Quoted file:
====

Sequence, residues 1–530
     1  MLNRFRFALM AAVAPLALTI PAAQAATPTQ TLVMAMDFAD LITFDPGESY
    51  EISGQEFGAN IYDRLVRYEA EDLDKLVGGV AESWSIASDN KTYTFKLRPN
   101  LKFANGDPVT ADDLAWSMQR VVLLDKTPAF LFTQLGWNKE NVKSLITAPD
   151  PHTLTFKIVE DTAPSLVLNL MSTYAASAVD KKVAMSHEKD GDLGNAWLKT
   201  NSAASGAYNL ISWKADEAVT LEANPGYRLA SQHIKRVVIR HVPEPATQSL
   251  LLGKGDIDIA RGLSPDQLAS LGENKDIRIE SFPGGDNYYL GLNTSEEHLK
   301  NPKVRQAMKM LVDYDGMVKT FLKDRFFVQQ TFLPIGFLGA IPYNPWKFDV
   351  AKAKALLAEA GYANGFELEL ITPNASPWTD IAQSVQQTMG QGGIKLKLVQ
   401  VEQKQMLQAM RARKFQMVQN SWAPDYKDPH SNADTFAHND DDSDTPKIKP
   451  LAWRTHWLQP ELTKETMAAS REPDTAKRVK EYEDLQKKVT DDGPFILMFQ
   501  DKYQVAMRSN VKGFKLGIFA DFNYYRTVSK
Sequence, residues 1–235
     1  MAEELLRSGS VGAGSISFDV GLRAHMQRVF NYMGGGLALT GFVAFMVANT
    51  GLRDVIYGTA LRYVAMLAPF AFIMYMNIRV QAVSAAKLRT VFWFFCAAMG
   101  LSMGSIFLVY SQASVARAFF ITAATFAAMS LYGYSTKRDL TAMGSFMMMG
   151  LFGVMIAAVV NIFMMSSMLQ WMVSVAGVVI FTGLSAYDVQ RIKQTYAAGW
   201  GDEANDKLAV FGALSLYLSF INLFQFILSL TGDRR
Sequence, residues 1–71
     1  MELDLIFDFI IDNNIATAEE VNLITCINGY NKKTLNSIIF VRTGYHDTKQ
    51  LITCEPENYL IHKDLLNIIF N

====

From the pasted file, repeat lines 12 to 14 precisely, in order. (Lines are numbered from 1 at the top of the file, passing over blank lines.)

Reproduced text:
   501  DKYQVAMRSN VKGFKLGIFA DFNYYRTVSK
Sequence, residues 1–235
     1  MAEELLRSGS VGAGSISFDV GLRAHMQRVF NYMGGGLALT GFVAFMVANT